Jim O’Sullivan, CEO Highways England, shared his view on the location of Birmingham. “Because of its proximity to London and the West Coast Mainline, Birmingham has something of the South East about it and perhaps less of a regional persona or brand because of it. I don’t think the broader midland area see Birmingham in the same way as Leeds sees Manchester for example. It’s hard for Midlands Connect to bring the Midlands together as the West could see itself as largely industrial with good links to London and the East could see itself as largely rural, with smaller towns and conurbations and poorer transport links to London, so the North identifies itself as a region far more easily than the Midlands does.”
Phil Newland, South Staffordshire Water said, “Our catchment is north of Birmingham and we have no real issue with talent, however, social mobility is a real challenge for us.” He agreed with the comment on the arts scene being pretty poor despite a really exciting cultural mix with a large student population. Citing that the younger generation does not view Birmingham as a cool place to live or work, his own children have a far more favourable view of Leeds and Manchester.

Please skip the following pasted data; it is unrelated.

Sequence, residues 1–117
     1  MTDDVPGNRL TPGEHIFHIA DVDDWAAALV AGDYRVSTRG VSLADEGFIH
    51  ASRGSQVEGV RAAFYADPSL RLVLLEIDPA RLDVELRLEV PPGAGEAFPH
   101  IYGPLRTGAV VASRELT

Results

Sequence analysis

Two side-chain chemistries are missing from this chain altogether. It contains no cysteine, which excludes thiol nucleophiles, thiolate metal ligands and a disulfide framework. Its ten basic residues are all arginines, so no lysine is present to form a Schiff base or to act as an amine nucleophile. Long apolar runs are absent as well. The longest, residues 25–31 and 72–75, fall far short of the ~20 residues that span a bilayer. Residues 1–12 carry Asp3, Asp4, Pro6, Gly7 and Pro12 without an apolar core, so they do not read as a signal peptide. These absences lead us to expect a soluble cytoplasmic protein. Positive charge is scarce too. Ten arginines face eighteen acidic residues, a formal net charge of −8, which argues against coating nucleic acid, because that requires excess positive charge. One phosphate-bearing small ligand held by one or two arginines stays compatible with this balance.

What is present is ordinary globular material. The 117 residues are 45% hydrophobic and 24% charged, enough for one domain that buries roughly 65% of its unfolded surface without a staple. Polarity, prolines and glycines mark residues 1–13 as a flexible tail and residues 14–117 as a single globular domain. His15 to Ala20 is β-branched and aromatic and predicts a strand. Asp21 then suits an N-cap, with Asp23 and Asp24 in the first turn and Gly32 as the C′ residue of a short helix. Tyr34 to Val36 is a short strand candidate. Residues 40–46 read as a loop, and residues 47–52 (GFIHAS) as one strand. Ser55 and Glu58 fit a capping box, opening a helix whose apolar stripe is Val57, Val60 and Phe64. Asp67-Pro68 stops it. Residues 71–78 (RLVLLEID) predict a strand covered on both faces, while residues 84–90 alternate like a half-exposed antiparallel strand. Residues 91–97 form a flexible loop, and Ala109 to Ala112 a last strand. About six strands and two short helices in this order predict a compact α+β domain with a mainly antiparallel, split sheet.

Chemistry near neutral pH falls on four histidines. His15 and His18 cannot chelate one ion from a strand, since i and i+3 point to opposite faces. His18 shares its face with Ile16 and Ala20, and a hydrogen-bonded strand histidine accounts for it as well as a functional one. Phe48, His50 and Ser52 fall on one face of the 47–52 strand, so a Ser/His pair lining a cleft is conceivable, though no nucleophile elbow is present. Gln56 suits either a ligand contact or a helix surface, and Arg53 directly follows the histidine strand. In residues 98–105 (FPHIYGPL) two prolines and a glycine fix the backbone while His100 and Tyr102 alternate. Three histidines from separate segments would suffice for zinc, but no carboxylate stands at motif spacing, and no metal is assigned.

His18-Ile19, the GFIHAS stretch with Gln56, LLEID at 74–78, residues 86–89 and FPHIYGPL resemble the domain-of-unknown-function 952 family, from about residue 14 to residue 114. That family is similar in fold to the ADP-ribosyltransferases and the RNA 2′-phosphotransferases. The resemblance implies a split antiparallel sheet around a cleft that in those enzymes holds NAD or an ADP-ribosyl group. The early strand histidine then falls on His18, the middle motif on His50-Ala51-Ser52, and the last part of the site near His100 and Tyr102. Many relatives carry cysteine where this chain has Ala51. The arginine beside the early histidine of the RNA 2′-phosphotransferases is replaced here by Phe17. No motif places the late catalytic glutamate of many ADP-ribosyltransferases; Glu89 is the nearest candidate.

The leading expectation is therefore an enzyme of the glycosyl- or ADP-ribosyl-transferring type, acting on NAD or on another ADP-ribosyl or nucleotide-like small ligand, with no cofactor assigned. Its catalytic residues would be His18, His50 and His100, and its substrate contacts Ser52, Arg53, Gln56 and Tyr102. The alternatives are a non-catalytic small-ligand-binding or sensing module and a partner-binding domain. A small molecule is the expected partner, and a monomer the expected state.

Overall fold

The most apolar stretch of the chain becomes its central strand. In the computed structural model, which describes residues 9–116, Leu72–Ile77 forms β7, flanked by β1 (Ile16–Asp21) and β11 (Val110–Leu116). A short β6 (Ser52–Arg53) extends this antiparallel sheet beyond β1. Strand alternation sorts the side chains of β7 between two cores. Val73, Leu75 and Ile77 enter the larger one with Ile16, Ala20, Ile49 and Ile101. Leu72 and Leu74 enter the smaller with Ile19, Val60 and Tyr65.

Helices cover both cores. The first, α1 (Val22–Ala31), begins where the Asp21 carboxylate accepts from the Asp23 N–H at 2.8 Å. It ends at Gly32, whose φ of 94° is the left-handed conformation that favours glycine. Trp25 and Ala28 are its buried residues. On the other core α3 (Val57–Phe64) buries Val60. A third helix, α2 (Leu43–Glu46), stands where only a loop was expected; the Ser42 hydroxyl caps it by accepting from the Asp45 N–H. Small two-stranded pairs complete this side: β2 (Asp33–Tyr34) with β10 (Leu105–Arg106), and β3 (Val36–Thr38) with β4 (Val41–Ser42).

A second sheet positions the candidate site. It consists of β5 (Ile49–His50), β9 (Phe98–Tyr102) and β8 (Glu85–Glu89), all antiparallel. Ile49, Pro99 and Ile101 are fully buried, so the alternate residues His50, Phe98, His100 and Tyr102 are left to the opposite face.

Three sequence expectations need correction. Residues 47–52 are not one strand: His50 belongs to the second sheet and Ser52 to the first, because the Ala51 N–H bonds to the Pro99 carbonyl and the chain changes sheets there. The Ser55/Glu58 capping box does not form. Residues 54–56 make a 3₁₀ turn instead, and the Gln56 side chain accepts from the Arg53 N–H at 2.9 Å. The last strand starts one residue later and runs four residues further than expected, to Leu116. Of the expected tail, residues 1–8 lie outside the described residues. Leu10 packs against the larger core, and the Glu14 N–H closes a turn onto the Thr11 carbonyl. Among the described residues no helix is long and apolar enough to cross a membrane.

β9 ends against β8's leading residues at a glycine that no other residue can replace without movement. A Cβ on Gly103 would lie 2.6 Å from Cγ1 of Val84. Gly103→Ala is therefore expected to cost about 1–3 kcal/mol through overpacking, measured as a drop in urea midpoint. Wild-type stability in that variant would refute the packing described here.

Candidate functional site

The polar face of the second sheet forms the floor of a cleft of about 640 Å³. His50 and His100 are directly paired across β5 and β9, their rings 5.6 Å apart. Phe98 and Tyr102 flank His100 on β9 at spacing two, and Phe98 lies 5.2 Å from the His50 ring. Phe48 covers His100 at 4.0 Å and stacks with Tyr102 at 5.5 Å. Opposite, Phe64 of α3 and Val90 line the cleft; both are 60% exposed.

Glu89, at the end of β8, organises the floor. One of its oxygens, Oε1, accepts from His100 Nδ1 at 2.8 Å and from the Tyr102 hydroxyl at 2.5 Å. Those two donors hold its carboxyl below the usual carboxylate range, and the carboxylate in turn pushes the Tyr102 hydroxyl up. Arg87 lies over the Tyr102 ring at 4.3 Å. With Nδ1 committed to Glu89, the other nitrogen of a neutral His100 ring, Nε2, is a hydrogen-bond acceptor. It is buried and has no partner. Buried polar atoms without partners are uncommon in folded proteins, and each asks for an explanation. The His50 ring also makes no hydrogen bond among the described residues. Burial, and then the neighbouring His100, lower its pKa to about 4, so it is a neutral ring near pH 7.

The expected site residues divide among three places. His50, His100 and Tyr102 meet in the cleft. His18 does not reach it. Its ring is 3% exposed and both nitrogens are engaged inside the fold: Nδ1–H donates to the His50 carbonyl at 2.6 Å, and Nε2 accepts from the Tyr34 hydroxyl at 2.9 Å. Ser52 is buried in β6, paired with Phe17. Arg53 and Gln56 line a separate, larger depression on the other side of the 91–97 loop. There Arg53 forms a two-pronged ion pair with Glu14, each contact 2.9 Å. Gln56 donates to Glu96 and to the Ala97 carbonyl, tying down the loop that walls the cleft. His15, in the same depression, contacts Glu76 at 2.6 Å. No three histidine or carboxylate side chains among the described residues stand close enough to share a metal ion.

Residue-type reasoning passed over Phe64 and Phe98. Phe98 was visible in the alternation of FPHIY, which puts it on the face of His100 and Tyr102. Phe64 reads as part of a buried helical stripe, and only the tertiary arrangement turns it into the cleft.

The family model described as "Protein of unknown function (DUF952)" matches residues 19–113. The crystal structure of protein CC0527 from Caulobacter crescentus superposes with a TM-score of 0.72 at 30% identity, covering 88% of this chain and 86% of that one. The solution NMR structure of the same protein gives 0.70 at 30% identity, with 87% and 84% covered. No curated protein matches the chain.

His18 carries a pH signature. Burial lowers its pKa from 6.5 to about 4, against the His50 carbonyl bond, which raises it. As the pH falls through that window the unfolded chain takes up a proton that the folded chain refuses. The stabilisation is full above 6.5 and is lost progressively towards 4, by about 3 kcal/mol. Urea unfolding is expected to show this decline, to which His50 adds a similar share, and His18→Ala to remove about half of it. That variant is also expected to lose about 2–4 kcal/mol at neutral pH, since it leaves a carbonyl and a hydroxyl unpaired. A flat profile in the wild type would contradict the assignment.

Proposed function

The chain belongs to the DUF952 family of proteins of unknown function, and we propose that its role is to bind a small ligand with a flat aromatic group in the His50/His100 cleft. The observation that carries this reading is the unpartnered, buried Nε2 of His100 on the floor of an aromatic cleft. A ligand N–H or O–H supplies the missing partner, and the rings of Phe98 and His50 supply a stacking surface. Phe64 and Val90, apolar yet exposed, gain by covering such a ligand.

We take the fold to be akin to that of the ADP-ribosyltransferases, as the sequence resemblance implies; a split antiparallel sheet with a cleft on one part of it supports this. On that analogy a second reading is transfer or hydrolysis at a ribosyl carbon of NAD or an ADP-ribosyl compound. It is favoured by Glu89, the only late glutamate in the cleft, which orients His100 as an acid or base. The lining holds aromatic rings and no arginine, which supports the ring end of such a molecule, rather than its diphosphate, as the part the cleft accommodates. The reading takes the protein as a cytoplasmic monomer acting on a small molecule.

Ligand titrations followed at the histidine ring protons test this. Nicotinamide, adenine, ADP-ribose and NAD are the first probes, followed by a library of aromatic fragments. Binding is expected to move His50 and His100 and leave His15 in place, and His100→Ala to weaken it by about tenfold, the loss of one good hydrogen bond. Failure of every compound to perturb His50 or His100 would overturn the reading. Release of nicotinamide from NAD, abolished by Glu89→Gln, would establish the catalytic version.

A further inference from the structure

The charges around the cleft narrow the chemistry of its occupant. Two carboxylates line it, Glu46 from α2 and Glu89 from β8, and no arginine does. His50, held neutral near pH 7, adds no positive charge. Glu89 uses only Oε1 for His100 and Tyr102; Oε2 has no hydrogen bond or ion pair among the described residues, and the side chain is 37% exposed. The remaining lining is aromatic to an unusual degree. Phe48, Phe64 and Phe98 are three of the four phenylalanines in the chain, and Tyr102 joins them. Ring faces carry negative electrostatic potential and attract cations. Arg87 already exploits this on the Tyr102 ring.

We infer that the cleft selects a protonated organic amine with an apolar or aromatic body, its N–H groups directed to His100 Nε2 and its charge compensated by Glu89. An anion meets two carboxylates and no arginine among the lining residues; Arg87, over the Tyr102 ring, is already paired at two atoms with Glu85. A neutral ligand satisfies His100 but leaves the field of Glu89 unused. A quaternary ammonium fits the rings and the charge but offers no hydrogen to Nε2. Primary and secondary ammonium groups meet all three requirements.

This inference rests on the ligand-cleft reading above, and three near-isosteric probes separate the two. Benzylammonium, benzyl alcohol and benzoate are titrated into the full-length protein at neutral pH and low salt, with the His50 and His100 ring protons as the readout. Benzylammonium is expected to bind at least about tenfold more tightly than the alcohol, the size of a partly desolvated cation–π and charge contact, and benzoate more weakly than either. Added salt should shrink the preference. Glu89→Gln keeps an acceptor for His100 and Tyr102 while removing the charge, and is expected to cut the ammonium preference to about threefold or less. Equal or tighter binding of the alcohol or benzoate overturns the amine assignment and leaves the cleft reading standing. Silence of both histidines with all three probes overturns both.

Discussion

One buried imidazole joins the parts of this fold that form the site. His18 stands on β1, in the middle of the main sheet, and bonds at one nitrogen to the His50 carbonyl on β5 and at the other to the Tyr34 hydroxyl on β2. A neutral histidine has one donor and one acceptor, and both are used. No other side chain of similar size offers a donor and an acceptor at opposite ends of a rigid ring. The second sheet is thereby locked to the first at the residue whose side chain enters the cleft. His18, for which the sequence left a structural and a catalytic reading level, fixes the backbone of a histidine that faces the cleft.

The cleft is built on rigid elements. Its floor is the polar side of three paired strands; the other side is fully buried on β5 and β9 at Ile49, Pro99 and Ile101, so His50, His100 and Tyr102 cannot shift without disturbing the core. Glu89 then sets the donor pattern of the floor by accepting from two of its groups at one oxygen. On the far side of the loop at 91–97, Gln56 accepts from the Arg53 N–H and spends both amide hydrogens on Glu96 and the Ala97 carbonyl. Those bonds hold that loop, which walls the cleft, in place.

Richard Wood from Tarmac supported the notion “Is it about the brand of Birmingham?’ It’s not the lack of business, I know, because we compete with lots of other big businesses for talent, and we have links with academia, it is really about Birmingham selling itself on all fronts. Birmingham needs to get its act together as to how it presents itself – it is not about competing with Manchester, it is about why Birmingham is a great place in its own right.” He went on to highlight what he felt was a disproportionate investment strategy, “I am not sure the focus on Birmingham exists, proportionately the London area is smaller than the Birmingham region and yet London has had c £40bn investment vs less than £10bn in Birmingham and Manchester has suffered in the same way….. Public transport links are appalling, business parks have been built away from residential areas with no meaningful infrastructure to support the workforce getting to them.”